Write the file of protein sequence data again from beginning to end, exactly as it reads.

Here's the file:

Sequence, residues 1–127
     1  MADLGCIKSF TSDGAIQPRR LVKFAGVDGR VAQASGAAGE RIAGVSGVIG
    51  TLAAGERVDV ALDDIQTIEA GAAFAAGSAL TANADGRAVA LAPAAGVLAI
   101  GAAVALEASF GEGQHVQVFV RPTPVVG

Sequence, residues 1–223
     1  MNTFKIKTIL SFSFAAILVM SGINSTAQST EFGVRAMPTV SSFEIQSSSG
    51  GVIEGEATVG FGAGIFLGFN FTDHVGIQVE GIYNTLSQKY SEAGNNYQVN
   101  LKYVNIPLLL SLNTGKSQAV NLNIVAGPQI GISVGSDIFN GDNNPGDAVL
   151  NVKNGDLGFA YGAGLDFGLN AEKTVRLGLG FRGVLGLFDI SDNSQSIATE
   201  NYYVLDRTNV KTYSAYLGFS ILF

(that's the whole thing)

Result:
Sequence, residues 1–127
     1  MADLGCIKSF TSDGAIQPRR LVKFAGVDGR VAQASGAAGE RIAGVSGVIG
    51  TLAAGERVDV ALDDIQTIEA GAAFAAGSAL TANADGRAVA LAPAAGVLAI
   101  GAAVALEASF GEGQHVQVFV RPTPVVG

Sequence, residues 1–223
     1  MNTFKIKTIL SFSFAAILVM SGINSTAQST EFGVRAMPTV SSFEIQSSSG
    51  GVIEGEATVG FGAGIFLGFN FTDHVGIQVE GIYNTLSQKY SEAGNNYQVN
   101  LKYVNIPLLL SLNTGKSQAV NLNIVAGPQI GISVGSDIFN GDNNPGDAVL
   151  NVKNGDLGFA YGAGLDFGLN AEKTVRLGLG FRGVLGLFDI SDNSQSIATE
   201  NYYVLDRTNV KTYSAYLGFS ILF